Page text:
In the case of mutual funds, the Association of Mutual Funds in India defines mid-cap as 101-250 stocks after the first 100 measured by market capitalization. Small-cap ranges from 251 to 500.

What numbers say

Some investors, like we mentioned earlier, believe that the Smids market hasn’t topped out yet. There are some numbers to back this view.

The Nifty Midcap 100—Nifty ratio reflects the number of times the former trades at, to the benchmark. The Nifty Midcap 100 will top out when the index trades at 2.3 times to the Nifty, according to technical experts. At present, it trades at around 2.01 times. Similarly, the small-cap index will top out when it trades at 0.84 times to the Nifty while presently it trades at 0.6 times.

In short, the multiple that Nifty Midcap and Smallcap trade at to the Nifty is still away from the peak—therefore, the rally that picked up in March might have more legs.

The last time the mid-cap index ratio bottomed was in March 2020 (1.35) with the onset of the pandemic. It has risen to the current level of 2.01 since. The story is similar when it comes to the small-cap index ratio.

Warning signs

Data from the NSE shows that on a net basis, retail investors who trade directly sold shares worth 70 billion in the current fiscal year through August end. The figure would have been higher had they not invested 144 billion in August, after selling 214 billion from April- July.

“For a retail investor coming directly, it looks like FOMO," explained Nilesh Shah, managing director at Kotak Mahindra Asset Management Co. “If one looks at the 150 mid-cap stocks and 250 small-caps as defined by Sebi, mutual funds, as of last month, through their various schemes, held around a fourth of mid-caps and a little less than a fifth of small-caps by free float market cap value. Indirect retail is largely better off than retail investors who missed much of the run up since March 20," he added.

Free float refers to the shares of a company that can be publicly traded.

While direct retail might have hopped on only in August, mid-cap and small-cap schemes alone have attracted inflows of 28,243 crore in the fiscal year through August, up from 16,098 crore over the same period last fiscal.

“Those who have come because of FOMO and to play momentum are in the danger zone. Investing is serious business and requires a highly disciplined approach," Vijay Kedia, a veteran investor who specializes in identifying potential multibaggers in the Smids space, said.

One warning sign is the discontinuation by Kotak Institutional Equities (KIE) of its model mid-cap portfolio, which comprised the likes of Aavas Financiers, Colgate-Palmolive, Federal Bank, Max Health Services and Max Healthcare, to name a few.

“We are dropping our recommended mid-cap portfolio since we cannot find too many stocks beyond the BFSI (banking and financial services) space that offer decent potential upside to our 12-month fair value," KIE noted in a report dated 11 September. Fair value refers to the price of an asset agreed upon by both buyer and seller.

Another fund manager said that if mutual funds feel that exuberance is rising, they could simply stop subscription to a scheme.

In the recent past, Chandraprakash Padiyar, fund manager of Tata Small Cap Mutual Fund, took a call to temporarily stop accepting further lump sum investments into the small-cap fund. Padiyar told Mint earlier that the heavy inflows in the last couple of months made it difficult for the fund house to deploy additional funds without driving up stock prices.

The largest small-cap fund, run by Nippon India Life Asset Management, has also halted fresh inflows with effect from 7 July, pointing to the difficulty in deploying funds.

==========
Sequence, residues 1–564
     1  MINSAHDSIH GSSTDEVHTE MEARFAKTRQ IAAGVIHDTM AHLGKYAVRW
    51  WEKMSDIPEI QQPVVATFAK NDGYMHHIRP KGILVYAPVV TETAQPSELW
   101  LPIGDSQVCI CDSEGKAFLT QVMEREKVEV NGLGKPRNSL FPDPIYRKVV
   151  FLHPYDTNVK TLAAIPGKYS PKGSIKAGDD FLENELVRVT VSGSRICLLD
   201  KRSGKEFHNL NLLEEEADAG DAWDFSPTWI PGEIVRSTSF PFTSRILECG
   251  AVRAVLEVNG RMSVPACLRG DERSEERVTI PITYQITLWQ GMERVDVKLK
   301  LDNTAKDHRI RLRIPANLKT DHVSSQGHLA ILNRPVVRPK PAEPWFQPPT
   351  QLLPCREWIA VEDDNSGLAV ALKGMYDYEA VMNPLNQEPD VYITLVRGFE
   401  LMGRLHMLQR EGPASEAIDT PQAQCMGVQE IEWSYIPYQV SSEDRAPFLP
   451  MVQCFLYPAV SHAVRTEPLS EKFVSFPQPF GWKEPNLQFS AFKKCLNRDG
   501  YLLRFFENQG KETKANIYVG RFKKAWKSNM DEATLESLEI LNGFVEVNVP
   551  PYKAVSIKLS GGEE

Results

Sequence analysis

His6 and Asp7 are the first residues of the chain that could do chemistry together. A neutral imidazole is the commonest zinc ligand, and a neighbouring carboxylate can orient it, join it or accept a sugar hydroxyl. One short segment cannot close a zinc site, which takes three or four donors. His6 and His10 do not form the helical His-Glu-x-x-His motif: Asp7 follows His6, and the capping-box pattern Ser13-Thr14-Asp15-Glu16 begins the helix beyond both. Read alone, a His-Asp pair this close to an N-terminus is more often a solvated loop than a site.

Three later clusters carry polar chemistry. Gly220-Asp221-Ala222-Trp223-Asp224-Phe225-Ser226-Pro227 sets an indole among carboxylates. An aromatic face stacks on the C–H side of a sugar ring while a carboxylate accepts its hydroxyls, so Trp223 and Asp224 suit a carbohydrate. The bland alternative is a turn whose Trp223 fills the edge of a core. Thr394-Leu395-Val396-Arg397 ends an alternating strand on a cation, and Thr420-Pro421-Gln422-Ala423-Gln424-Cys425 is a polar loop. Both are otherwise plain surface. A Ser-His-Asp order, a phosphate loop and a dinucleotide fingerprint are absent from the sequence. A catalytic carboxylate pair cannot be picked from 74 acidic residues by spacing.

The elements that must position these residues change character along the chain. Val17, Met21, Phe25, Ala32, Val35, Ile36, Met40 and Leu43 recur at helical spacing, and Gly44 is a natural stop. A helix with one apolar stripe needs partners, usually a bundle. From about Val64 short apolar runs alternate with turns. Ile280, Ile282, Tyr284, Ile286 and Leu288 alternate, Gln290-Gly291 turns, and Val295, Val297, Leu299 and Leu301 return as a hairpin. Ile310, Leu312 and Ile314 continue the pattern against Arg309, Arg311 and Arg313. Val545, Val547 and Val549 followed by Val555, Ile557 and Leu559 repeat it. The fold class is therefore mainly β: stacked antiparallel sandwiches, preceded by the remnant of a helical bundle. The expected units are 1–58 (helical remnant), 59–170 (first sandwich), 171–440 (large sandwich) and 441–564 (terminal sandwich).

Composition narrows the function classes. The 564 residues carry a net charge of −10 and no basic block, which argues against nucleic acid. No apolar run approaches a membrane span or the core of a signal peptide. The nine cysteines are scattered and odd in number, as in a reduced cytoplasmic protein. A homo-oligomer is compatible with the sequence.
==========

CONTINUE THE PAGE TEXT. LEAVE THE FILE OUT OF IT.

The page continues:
Who moved the price?

Valuations in the present rally have soared to stratospheric levels especially in stocks with low free float. This makes many constituents in the Smids segment vulnerable to huge volatility. A one-day fall can wipe out trillions of rupees in investor wealth as 12 September’s 3% fall in Nifty Midcap 100 and 4% fall in Nifty Smallcap 100 showed.

Normally, these segments attract high net worth investors (HNIs), proprietary traders, retail, and to an extent, domestic institutional and foreign portfolio investors.

In companies like Rail Vikas Nigam (RVNL), one of the top five small-cap performers in the 20 March to 12 September rally, the free float market cap was worth just 7,821 crore or 22% of the total market cap as of 12 September. RVNL is a public sector company under India’s ministry of railways. Total market cap includes shares held by both promoters and the public.

Similarly, the free float market cap for Fertilizers and Chemicals Travancore (FACT), another top small-cap from the public sector, was just 3,222.4 crore (10% of the total market cap).

Both RVNL and FACT are still part of the Nifty Smallcap 100 Index even when they have a far higher market capitalization now. NSE Indices, a subsidiary of NSE, determines the inclusion and exclusion of stocks into broad market indices semi annually, in March and September. In this September’s review, RVNL and FACT have been excluded from the small-cap index and moved to the Nifty Midcap 150 effective 29 September.

A stupendous increase in the price earnings (PE) ratio of these stocks gives an idea of the run up. For example, RVNL’s PE stood at 24.16 times (price of share traded 24 times more than the earnings per share) against the historic 10-year average of 8.11 as of 12 September, according to Bloomberg.

“Low free float means a few strong hands (HNIs) can move the price of any small or mid-cap stock exorbitantly," said Deven Choksey, managing director of KRChoksey Holdings, a wealth management company. “Seeing such momentum in the price, retail investors looking to make a quick buck are lured in. When the tide turns, and HNIs book profits, retail is left high and dry," he said.

While stocks in renewables, railways, capital goods and defence sectors have performed exceedingly well, thanks primarily to the government raising its capital expenditure plans in 2023-24, KIE, in its 11 September report, noted that market expectations on both revenue and profitability may be very optimistic.

“We expect a decent investment cycle, but we are not sure about the quality of many of the stocks, given their historically weak execution and governance track-records. In addition, many of these sectors fall in the B2G (business-to-government) or B2B (business-to-business) categories, which raises issues around execution and profitability," the report stated.

This reads like a stark warning—a warning retail investors should heed.